Reflective thinking and writing
How to think reflectively
There are several models of reflective practice which you can use to help you structure your reflective thinking and reflective writing.
Kolb's Learning Cycle (1984) has four elements of a loop which you can start at any point, though normally you start with an experience:
Figure 1: Kolb's Learning Cycle
The four elements of Kolb's Learning Cycle:
- Experience: doing it
- Observations and reflections: reviewing and reflecting on the experience
- Development of ideas: learning from the experience
- Testing ideas in practice: planning, trying out what you have learned
|Example of using Kolb's Learning Cycle:
You give a 5 minute presentation in class and received low marks for presentation style.
- Observations and reflections
You over ran the 5 minutes and kept forgetting what you wanted to say.
- Development of ideas
You spoke to your lecturer to get some advice on presentation techniques. You noted down some ideas on how to prepare differently next time.
- Testing ideas in practice
You prepared your presentation in advance. You had some notes to refer to. You practiced delivering your presentation within 5 minutes.
Schön (1983) presented the concept of 'reflection in action' and 'reflection on action':
|Reflection in action
||Reflection on action
- Thinking on your feet
- Thinking about what to do next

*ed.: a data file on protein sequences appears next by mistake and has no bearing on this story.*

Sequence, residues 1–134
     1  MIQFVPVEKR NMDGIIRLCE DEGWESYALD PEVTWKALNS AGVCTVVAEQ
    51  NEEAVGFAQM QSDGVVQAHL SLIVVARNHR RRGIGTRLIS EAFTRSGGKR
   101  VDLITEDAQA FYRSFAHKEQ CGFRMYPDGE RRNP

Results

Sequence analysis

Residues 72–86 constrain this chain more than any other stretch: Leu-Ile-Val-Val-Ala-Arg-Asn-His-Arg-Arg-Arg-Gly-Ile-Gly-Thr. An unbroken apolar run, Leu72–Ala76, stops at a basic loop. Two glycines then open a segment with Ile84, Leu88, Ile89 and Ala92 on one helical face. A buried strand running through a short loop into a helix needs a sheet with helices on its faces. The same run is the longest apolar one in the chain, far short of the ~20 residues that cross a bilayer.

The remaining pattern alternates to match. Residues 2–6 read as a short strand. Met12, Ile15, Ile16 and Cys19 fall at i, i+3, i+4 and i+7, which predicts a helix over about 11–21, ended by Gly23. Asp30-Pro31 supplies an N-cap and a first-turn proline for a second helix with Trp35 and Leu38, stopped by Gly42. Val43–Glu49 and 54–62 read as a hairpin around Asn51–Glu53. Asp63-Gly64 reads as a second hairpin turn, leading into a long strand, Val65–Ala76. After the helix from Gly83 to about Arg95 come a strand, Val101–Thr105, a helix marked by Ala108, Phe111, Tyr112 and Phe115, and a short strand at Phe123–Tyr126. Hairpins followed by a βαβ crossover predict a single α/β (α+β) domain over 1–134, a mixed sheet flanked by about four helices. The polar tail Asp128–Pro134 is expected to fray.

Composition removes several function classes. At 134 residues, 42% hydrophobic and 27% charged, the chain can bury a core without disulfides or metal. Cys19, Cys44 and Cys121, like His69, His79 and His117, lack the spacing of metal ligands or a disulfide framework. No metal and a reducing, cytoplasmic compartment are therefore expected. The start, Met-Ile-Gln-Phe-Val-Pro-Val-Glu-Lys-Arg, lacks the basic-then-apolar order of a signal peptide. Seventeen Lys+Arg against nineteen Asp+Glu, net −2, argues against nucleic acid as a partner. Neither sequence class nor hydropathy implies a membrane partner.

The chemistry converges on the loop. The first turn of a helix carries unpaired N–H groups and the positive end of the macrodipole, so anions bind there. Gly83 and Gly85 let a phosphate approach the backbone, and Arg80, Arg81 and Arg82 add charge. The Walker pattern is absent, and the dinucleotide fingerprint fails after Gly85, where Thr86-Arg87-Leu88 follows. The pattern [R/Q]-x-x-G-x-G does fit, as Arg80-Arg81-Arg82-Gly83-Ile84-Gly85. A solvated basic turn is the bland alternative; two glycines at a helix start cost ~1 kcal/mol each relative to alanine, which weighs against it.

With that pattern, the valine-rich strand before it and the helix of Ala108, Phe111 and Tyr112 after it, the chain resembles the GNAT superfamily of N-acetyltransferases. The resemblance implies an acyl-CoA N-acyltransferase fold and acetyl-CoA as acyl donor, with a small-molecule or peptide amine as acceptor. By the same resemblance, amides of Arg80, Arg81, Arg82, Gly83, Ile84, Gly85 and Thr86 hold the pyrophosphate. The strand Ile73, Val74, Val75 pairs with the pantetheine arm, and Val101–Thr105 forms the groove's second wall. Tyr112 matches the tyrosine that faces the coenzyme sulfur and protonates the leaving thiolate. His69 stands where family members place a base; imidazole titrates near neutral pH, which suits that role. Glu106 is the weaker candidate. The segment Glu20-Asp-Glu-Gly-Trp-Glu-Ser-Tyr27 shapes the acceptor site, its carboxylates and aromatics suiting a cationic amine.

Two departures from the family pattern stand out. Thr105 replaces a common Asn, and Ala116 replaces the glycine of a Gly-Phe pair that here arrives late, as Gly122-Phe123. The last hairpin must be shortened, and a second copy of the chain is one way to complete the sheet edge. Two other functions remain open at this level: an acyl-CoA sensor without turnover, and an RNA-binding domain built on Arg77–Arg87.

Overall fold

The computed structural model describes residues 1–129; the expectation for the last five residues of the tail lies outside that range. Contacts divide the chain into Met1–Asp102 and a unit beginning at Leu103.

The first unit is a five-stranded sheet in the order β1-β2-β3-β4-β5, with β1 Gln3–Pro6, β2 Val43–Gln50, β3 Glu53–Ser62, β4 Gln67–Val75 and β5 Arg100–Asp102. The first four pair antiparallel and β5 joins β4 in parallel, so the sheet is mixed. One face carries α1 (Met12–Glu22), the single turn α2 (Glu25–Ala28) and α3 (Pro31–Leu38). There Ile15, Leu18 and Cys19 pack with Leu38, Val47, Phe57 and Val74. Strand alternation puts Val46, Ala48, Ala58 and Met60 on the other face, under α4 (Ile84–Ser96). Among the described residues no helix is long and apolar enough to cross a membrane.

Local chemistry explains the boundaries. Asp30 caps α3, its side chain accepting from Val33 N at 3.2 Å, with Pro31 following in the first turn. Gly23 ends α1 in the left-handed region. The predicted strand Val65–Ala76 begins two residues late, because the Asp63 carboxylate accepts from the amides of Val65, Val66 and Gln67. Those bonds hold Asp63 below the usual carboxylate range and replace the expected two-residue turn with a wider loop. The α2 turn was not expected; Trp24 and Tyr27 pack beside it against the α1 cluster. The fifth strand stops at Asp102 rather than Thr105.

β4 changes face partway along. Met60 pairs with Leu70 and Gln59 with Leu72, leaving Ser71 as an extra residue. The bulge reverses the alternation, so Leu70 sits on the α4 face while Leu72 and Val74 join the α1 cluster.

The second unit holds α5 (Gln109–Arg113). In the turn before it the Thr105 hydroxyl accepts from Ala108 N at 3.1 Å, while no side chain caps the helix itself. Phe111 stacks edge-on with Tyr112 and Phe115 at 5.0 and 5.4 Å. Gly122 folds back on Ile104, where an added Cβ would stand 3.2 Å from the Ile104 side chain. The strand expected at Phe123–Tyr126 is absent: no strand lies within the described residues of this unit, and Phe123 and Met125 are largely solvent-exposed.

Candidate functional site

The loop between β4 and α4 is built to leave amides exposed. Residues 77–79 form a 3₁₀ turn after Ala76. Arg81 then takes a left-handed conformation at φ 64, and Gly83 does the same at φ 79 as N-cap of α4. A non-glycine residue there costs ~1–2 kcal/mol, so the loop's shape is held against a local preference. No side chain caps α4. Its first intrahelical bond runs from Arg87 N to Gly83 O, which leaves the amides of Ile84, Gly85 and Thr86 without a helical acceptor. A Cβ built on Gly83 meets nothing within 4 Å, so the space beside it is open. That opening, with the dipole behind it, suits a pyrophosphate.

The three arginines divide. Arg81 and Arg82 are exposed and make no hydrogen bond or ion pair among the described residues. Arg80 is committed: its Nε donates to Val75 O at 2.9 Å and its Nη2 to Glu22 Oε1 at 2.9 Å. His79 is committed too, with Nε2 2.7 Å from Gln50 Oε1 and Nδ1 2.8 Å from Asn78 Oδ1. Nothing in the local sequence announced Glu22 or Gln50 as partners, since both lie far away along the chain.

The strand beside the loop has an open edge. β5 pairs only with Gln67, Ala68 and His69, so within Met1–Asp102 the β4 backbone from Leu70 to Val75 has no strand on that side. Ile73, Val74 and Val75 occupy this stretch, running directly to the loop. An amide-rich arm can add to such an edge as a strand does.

- Acting straight away
- Thinking about something that has happened
- Thinking what you would do differently next time
- Taking your time
Schön's theory is that there are two types of reflection, one during and one after an activity or event.
|Example of using Schön's model:
- Reflection in action
- You are in a lecture and keep being distracted by thinking about what to have for lunch!
- You want to get the most from the lecture so need to find a way to help you focus.
- You decide to start making some notes of the key points.
- Reflection on action
- You notice that sometimes after a lecture you can’t remember what was covered.
- You find out about the lecture topic in advance and write down some questions you want answered.
- You make notes during the lecture to help you focus.
- You arrange to go for a coffee after the lecture and talk with your peers about what was presented, to help you understand and form your own opinions.
- You file your lecture notes and any handouts.
You can put these models into practice through your reflective writing.